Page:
Enjoy !

Tuesday, January 15, 2013

100 Megawatts ! LA is going solar

From the L.A. Times 

DWP will buy excess solar energy

Customers will be paid for power produced on their own equipment.

January 12, 2013|Catherine Saillant
Los Angeles Department of Water and Power customers for the first time will be able to sell back excess solar energy created on rooftops and parking lots under a new program approved Friday by the city utility's board of commissioners.
Described as the largest urban rooftop solar program of its kind in the nation, the so-called feed-in-tariff program would pay customers 17 cents per kilowatt hour for energy produced on their own equipment. The DWP has already accepted more than a dozen applicants and will be taking dozens more as it accepts contracts for up to 100 megawatts of solar power through 2016.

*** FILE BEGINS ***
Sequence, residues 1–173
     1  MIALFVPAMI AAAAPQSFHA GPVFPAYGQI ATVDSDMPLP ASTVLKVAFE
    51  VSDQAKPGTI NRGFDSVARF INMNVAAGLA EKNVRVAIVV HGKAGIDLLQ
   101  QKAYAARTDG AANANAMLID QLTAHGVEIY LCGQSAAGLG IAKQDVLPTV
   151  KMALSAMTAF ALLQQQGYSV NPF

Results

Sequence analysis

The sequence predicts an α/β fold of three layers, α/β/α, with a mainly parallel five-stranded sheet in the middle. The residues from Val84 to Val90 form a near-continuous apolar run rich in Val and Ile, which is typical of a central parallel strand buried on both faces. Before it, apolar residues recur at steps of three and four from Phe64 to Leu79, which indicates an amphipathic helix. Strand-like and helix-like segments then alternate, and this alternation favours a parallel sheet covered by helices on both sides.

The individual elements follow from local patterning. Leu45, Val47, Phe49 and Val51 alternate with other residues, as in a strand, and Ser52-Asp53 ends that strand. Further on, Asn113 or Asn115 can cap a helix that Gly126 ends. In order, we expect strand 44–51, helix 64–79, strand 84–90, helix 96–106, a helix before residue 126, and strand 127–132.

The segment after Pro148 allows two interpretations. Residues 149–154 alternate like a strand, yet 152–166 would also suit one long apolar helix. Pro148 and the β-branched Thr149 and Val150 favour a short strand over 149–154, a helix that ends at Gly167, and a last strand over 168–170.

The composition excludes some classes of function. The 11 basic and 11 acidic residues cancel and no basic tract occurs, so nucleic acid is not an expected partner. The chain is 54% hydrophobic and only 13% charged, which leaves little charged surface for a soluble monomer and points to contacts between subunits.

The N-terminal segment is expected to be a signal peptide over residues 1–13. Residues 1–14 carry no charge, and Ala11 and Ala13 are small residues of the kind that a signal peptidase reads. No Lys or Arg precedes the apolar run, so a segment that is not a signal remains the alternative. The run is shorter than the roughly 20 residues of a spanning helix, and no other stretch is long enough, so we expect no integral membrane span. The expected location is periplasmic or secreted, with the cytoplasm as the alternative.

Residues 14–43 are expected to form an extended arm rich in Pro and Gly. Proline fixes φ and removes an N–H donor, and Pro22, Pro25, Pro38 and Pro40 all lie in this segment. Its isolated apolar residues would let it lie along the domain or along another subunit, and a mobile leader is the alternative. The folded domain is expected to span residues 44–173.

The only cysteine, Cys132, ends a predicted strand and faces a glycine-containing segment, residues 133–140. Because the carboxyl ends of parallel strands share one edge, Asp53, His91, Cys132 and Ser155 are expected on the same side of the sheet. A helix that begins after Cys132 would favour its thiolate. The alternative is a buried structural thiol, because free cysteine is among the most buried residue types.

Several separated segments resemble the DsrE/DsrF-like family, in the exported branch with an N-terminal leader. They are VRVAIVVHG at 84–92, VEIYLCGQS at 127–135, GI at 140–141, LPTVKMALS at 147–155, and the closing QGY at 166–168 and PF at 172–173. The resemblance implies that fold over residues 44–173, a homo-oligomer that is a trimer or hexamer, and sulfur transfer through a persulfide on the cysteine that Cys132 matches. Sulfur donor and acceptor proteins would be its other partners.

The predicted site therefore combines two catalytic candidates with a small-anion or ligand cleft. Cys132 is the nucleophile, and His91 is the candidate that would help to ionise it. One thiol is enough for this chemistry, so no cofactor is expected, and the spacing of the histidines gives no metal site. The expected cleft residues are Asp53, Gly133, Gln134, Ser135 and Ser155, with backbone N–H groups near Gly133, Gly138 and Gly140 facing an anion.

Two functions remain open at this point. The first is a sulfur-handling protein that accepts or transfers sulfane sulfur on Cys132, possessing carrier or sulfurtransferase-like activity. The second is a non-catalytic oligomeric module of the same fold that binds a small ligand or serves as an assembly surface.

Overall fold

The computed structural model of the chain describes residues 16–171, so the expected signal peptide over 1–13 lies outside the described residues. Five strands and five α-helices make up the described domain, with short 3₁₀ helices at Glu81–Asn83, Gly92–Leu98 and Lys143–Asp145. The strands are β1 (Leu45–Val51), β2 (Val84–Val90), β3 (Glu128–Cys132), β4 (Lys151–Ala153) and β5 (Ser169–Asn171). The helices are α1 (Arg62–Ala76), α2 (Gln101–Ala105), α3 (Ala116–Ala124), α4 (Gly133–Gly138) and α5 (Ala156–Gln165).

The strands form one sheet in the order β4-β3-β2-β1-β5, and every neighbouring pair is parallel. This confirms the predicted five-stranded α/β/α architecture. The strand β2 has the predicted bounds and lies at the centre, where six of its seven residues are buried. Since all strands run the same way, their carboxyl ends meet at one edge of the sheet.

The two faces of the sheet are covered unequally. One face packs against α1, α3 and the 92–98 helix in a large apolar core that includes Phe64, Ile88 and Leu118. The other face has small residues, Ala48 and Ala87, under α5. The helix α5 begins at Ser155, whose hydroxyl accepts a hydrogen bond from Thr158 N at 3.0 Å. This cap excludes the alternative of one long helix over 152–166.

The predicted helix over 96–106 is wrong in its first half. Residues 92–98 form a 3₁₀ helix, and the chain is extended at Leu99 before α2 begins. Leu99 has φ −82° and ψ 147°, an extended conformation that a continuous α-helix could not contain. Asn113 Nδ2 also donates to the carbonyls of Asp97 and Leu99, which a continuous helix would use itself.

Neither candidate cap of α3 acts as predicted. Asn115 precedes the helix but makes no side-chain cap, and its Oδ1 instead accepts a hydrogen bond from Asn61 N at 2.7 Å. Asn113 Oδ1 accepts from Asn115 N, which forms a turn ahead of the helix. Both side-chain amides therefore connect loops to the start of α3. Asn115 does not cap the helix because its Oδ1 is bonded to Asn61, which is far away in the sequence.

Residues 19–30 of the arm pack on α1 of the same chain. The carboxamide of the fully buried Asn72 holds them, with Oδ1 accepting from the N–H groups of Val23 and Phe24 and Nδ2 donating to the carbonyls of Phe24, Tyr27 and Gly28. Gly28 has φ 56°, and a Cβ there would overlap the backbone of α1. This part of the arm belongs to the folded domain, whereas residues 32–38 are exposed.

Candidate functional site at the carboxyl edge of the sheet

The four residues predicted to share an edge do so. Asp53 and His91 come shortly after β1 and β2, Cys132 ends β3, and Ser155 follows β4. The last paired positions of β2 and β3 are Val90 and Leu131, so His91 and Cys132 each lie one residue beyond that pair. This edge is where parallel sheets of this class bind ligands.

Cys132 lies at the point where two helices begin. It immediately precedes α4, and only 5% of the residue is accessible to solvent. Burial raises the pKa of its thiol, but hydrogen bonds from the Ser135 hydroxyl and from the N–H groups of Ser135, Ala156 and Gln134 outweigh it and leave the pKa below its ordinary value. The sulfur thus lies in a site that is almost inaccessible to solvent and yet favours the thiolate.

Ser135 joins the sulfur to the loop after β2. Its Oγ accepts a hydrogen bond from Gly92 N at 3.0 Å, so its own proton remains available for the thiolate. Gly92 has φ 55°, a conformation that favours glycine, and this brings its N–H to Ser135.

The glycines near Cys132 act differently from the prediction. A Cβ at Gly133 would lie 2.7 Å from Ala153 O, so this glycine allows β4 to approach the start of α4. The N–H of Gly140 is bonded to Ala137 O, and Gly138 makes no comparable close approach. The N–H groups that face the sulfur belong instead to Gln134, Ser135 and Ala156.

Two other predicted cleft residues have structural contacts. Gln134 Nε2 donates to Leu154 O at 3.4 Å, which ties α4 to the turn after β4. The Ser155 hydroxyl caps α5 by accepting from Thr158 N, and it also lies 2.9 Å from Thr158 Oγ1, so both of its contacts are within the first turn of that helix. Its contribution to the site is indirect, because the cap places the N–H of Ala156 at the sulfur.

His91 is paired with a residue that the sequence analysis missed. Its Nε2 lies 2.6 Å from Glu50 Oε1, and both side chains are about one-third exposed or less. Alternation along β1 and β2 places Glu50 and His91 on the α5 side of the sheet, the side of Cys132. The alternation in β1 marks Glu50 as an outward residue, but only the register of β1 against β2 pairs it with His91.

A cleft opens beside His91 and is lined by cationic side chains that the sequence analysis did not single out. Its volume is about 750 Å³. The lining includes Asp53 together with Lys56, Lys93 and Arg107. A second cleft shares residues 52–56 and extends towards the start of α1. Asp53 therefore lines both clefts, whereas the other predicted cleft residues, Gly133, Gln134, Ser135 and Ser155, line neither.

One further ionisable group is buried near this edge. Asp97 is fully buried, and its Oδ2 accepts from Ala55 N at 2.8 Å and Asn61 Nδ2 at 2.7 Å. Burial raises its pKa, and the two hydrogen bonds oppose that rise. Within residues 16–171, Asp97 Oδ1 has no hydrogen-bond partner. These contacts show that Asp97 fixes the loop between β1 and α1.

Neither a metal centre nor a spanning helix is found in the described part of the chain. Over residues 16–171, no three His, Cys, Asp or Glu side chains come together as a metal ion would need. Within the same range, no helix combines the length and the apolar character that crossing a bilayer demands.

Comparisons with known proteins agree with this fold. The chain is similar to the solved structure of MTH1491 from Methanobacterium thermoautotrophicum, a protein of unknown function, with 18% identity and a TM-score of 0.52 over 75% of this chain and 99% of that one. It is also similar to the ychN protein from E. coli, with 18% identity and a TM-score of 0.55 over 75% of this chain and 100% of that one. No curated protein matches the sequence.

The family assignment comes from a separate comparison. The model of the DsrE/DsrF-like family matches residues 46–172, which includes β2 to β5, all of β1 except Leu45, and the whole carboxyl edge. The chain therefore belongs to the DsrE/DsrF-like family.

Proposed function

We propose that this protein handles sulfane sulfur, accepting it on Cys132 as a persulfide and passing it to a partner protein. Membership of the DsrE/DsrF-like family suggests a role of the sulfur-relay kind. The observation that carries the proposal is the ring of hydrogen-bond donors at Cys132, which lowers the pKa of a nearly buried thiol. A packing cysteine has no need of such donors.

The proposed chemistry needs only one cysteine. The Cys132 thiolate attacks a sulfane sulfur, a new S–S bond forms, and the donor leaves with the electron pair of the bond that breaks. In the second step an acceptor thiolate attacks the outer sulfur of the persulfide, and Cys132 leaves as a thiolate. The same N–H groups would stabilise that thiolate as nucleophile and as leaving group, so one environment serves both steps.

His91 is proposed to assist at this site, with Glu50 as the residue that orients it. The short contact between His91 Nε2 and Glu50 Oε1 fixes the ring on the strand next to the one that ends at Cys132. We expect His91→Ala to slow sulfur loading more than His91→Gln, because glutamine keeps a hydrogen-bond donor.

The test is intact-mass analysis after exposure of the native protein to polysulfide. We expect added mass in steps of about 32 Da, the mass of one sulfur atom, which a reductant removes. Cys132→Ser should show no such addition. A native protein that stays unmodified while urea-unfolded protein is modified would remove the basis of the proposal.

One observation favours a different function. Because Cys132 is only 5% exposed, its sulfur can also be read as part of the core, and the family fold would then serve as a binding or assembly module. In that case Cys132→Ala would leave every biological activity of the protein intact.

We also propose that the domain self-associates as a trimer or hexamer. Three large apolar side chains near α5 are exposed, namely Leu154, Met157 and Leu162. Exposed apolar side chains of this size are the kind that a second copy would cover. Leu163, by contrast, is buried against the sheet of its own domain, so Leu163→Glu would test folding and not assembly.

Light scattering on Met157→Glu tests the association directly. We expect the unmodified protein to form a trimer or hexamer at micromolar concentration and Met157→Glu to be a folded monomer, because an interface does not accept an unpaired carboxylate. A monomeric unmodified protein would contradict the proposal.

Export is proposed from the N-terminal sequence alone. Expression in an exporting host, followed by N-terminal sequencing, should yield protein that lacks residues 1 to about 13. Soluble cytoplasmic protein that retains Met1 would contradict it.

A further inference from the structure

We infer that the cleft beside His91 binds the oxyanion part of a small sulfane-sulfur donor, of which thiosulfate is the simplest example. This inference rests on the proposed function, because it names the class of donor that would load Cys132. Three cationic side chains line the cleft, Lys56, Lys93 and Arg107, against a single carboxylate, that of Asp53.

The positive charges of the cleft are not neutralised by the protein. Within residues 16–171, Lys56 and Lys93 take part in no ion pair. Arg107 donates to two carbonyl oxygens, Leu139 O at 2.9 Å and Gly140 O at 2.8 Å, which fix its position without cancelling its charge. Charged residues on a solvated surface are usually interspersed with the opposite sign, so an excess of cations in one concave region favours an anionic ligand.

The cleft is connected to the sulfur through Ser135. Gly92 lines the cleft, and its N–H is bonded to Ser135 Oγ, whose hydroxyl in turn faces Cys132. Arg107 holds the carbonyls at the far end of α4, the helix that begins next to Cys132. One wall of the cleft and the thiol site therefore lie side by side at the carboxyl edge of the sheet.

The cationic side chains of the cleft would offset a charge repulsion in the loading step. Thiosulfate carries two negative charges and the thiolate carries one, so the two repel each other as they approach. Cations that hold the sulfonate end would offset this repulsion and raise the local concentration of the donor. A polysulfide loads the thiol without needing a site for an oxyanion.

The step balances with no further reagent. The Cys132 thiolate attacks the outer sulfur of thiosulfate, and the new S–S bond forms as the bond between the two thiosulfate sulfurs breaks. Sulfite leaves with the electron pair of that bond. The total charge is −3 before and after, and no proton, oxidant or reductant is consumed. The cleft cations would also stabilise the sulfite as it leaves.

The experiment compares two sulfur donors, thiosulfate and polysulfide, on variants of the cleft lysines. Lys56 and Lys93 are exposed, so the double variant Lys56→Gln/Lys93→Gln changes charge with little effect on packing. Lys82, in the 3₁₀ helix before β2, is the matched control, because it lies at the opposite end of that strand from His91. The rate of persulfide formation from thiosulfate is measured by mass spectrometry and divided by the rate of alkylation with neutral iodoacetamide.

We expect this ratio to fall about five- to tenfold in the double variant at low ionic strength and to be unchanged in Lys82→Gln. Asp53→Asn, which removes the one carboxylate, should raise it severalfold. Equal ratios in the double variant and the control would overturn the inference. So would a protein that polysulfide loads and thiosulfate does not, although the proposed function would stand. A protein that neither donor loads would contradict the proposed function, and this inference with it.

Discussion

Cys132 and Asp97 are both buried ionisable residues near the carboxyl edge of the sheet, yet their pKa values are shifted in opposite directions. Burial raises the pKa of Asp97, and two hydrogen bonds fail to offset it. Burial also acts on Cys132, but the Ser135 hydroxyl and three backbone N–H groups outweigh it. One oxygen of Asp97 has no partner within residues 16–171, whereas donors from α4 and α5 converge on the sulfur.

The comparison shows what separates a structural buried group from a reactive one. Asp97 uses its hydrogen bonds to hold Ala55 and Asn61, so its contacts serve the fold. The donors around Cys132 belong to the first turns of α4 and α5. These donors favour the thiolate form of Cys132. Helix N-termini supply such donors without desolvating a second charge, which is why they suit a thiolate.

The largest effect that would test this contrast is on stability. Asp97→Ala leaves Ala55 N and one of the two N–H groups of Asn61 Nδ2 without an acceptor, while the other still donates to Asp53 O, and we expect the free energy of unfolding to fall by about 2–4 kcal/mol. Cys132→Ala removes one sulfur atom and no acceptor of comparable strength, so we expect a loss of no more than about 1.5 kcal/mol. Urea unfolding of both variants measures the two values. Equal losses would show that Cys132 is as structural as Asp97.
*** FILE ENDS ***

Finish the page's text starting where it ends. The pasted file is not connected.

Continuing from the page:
Thursday, January 10, 2013

ask/A.S.K. What is this mysterious veggie?

The plant in question was grown in the Central Coast and purchased at the Altadena Farmers Market in an effort to try new things.

It goes by many names: Yu Choy, Yu Choy Sum, Cantonese Pak Choy, Cai Xin, Tsoi Sim, Yiu Tsai, Tsai Hsin, Yintsai Sim, Edible rape, Hon Tsai Tai (Hontsaitai), Red Choy Sum and essentially it is a flowering Chinese cabbage and can be steamed, boiled, or sauteed.

Tuesday, January 8, 2013

Seafood Watch App

Ever get brain freeze at the fish counter? 
Which is more sustainable? Fresh or frozen? Farmed or wild-caught?